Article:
With a 2300mAh, the Moto X does not stand out with a particularly huge juicer, but it claims to have made some optimizations and promises a full day (yes, that means 24 hours) off the charger. Obviously, the company is well aware of the risk taken with such a comparatively small battery, and we hope that it has managed to optimize well. We’ll run our extensive battery benchmarks and tell you more about the battery life in our upcoming Moto X review.

Conclusions and Expectations

Overall, the Moto X is a welcome upgrade on all fronts. Unlike last year’s device, it does not feel cheap and plasticky, nor does it ship with any specs that could bring it down (last year’s 720p resolution and comparatively dated processor were exactly that). It is also not on the cutting edge, though, as it lacks the latest Snapdragon 801 system chip, and we’re yet to see how has it optimized the 13-megapixel Sony IMX135 sensor and the 2300mAh battery. Instead, it focuses on innovation in some meaningful things - the new features are nice, without cluttering the interface and the phone is zippy and premium feeling. Moto Maker is even nicer, and all of that would give the new Moto X extra allure. But it’s got a steep hill to climb with fierce Android competition.

Related phones

Moto X (2014)
  • Display 5.2" 1080 x 1920 pixels
  • Camera 13 MP / 2 MP front
  • Processor Qualcomm Snapdragon 801, Quad-core, 2500 MHz
  • Storage 32GB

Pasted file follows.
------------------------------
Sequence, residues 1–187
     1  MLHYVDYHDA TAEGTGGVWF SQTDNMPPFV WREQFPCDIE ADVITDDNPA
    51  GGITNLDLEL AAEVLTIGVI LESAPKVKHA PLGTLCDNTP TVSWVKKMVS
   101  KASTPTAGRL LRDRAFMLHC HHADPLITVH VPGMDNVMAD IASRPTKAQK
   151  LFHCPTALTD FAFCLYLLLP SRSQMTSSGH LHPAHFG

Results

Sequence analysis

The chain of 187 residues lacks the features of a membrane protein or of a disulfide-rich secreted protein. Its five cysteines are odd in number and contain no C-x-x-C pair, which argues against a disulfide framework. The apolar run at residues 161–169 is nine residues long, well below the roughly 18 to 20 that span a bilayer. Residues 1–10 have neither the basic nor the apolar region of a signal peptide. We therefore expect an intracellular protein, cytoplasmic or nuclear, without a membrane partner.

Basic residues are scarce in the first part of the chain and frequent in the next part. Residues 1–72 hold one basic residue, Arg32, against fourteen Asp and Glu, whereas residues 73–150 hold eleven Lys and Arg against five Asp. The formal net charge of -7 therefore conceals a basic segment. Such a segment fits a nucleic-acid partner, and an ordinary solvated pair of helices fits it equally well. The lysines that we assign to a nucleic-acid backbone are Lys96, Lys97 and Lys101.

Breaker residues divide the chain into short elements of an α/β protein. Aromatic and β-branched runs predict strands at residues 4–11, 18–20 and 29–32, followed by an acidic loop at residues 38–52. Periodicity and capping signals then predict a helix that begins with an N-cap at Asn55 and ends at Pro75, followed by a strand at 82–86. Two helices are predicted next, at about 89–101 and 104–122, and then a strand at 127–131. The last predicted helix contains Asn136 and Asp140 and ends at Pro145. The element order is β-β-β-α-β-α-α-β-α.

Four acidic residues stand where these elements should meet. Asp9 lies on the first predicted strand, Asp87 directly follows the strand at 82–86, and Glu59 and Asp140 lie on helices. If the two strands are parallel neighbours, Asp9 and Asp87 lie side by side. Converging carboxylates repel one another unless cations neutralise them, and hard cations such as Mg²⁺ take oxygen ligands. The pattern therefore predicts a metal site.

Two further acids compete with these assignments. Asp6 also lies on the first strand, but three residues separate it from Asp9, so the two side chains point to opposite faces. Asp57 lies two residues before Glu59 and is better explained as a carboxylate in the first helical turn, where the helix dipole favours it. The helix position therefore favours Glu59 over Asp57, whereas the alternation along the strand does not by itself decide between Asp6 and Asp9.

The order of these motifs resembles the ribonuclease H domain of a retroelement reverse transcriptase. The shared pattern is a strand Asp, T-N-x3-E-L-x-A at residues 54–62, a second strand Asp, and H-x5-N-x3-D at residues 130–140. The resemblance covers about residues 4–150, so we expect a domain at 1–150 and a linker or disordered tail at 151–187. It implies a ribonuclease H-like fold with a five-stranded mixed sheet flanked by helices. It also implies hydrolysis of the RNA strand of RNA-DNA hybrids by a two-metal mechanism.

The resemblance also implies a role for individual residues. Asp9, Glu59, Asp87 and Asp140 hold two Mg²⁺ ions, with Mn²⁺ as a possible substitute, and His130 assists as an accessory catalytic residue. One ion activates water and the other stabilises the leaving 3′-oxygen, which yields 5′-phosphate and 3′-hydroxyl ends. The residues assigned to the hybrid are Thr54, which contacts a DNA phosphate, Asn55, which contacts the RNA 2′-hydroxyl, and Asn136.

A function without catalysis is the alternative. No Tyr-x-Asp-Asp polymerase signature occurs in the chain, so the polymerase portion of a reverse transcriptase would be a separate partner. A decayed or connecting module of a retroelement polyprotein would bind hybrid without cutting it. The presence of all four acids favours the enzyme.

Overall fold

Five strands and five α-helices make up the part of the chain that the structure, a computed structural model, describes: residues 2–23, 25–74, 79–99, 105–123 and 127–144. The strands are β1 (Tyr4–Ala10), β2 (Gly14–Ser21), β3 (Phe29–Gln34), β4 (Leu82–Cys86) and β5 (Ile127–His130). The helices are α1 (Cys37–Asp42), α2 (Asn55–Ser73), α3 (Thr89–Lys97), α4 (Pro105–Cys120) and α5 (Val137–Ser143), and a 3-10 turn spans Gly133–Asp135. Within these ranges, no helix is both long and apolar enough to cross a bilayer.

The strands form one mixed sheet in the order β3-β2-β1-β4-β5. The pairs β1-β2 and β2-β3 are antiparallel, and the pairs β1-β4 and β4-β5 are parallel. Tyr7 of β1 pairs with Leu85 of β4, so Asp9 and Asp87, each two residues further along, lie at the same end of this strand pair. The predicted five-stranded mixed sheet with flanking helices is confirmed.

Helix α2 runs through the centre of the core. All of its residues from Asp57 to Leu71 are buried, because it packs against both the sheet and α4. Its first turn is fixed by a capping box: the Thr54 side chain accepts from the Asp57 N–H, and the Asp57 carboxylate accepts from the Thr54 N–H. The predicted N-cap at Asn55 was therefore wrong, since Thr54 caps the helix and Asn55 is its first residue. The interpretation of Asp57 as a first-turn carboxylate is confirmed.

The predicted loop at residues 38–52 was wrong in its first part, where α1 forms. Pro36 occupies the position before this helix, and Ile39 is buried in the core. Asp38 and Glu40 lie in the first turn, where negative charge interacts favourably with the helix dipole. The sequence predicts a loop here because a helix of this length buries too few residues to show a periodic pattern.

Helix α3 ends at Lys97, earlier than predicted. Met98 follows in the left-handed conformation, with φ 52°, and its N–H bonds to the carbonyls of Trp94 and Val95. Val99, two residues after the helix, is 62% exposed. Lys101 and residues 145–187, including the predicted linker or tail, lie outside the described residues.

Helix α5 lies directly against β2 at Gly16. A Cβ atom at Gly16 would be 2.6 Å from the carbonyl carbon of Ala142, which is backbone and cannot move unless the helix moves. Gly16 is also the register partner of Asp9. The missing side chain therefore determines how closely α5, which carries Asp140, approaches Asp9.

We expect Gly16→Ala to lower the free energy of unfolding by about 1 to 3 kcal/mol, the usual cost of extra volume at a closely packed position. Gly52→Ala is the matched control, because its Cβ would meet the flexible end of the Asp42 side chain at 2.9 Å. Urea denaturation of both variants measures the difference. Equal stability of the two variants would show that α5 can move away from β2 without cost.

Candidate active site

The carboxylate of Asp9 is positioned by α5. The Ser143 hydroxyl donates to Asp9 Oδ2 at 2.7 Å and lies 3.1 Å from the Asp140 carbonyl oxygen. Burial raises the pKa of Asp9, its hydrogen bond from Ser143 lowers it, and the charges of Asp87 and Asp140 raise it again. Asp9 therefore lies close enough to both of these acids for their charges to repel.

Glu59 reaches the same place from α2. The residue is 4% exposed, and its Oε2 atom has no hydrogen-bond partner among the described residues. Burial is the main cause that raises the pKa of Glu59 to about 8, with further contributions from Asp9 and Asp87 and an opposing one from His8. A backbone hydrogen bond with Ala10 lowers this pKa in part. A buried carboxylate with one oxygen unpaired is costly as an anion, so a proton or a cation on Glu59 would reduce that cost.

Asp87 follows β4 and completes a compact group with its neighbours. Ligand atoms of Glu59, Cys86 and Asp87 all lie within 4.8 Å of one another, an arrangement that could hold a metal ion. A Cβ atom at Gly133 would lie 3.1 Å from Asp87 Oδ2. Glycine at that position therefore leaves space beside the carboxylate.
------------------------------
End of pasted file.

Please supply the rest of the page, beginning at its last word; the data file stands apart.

• Battery 2300 mAh



1. Mxyzptlk unregistered

I'm not too convinced. On paper and actual performance are two different things. We'll see though. We will see.

2. Mxyzptlk unregistered

In addition to the choice of snapdragon processor and the battery life.

15. Sniggly

Posts: 7305; Member since: Dec 05, 2009

Well, last year's Moto X was a winner on the "actual performance versus on paper" front. The only thing that has me a *little* worried is the potential battery life, but I'm going to give Motorola the benefit of the doubt unless the reviews universally come back and declare that it's horrible. It doesn't even need to last 24 hours to satisfy me.

17. Scott93274

Posts: 6042; Member since: Aug 06, 2013

Agreed. Moto X 2013 is so much better than other phones with similar specs. The 2014 model sounds awesome, but the size of the battery have me a little underwhelmed. I would love it they would push for the same size battery as their Droid Maxx, but we all know that will never happen. Sigh.... oh well.

20. zeeBomb

Posts: 2318; Member since: Aug 14, 2014

I'm going to put my mink back on, put a ring back on! This is a good new version of the Moto X, better camera (thank god for the sony sensor) better performance, crispy display with deep blacks. But the battery life is what I'm not too convinced of either (apparently it has this smart antenna that improves over 500% of battery on wifi!) I'm seeing this like a Nexus 5 but that is more premium/customizable. Oh and Active display. That's unique!

22. InspectorGadget80 unregistered

seriously you need to stop dissing Motorola and go else where

3. neops

Posts: 297; Member since: Jan 28, 2014

Who-took-those-weels, that's the million euros question

18. Scott93274

Posts: 6042; Member since: Aug 06, 2013

I thought the same thing. lol

34. rnagic

Posts: 215; Member since: Jul 13, 2014

In larger cities it's not uncommon to remove the wheels from your bike to discourage theft.

4. itsdeepak4u2000

Posts: 3718; Member since: Nov 03, 2012

They have improved in cameras but still night shots are not that good IMO. Nice ring flash.

5. sorcio46

Posts: 435; Member since: Jul 27, 2011

There is an mistake here: "The Moto X ships with the Snapdragon 801 quad-core system chip running at up to 2.5GHz, 2GB of RAM, and a Krait 400 GPU" "Krait" is a CPU architecture designed by Qualcomm for its latest Snapdragons, the "Adreno" 3xx/4xx is the GPU produced by them.

21. Meccalangelo

Posts: 29; Member since: Mar 05, 2013

Also O..K..GOO..GLE and WAKE UP...BUD..EEE are only 4 syllables